Sir: Graham Hind’s June review sadly hides all I wrote in remembrance of that godly man, Augustus Toplady. Instead, he shows preference for John Wesley, disdain for the Gospel Magazine and disinterest in the great work of God done through the pre-Rebellion Reformed Church of England. Hind’s simplistic etymology is used as an excuse for his lack of attention to the subject matter.

     Rather than refute Toplady by praising Wesley, one must ask oneself which Christian stood nearest to Biblical, Reformed doctrine. Glossing over Wesley’s dishonesty against Calvinistic evangelists is an unhelpful argument from silence.

     Mr Hind’s prejudiced reading has missed my point concerning whether John, James or Julius Bate was ‘Uncle Jack’. My footnote points out the difficulties involved as the biographical details appear to fit neither. Mr Hind, boasting that this is ‘a small difficulty’, opts for John but submits neither biographical nor etymological evidence. He calls it ‘a small point’, but makes his mis-applied hunch his yardstick for discrediting my entire book. The James-Jack (Jacob-Giacomo-Jacme-Jakes-Jock-Jacques) theory best suites the Bates’ situation, but as I clearly indicated, the evidence is not conclusive. Brother Hind’s COD reference to Jack-John meaning ‘every man Jack’ is by association not derivation. ‘John’ was applied to ‘Jack’ because the English ‘John’ was as common as the French ‘Jacques’ not because ‘John’ was the etymological equivalent of ‘James’.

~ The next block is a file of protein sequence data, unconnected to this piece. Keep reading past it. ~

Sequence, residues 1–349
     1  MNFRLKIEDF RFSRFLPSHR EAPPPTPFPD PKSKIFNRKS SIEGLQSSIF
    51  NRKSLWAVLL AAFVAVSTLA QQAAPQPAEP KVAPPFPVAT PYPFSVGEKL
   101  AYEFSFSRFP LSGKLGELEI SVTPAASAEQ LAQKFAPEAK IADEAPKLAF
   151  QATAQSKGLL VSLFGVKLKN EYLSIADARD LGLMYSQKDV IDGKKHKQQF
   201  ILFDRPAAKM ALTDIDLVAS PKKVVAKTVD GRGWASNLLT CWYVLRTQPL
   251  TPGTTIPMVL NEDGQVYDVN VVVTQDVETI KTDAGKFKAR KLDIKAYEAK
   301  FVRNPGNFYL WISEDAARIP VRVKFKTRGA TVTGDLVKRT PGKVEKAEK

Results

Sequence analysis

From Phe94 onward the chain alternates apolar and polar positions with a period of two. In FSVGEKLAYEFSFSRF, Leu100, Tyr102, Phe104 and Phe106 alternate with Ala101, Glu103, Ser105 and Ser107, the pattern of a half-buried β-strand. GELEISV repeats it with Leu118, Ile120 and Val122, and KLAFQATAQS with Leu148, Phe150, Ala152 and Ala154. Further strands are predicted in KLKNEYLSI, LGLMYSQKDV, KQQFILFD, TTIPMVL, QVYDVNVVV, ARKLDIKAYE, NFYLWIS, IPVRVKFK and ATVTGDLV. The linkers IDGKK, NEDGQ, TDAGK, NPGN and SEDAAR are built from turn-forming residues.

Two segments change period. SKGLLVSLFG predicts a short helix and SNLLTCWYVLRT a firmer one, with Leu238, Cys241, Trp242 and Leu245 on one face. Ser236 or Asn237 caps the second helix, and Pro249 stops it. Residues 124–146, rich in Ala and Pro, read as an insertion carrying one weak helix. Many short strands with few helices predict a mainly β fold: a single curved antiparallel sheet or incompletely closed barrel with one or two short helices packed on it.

Hind speaks disparagingly of the Gospel Magazine instead of thanking God for this aged but ever-virile witness. I have sought in my book to point out the magazine’s lasting value in teaching the doctrines of grace and experimental Christianity. The reviewer has sadly an axe to grind against Toplady and the magazine he edited. This explains but does not justify his lack of balance.

     Mr Hind misrepresents my comparison between the persecuted and martyrs of dissenting Anglicanism and Presbyterianism under Cromwell and those of the Restitution. Are names such as Hall, Usher, Ward, Featley, Balcanqual and Love unfamiliar to him? Many ‘godly Puritans’ suffered under and documented both persecutions, the second of which was a sad reaction to the first. Twice persecuted Baxter’s severe criticism of both Cromwell and the Restitution Parliament are extant.

     My book testifies to Toplady’s fine Christian witness and openness to lovers of the doctrines of grace whatever their denomination. These are points ignored by Mr. Hind. He pleads for a different Toplady biography. The facts plead for a more knowledgeable, accurate and balanced reviewer.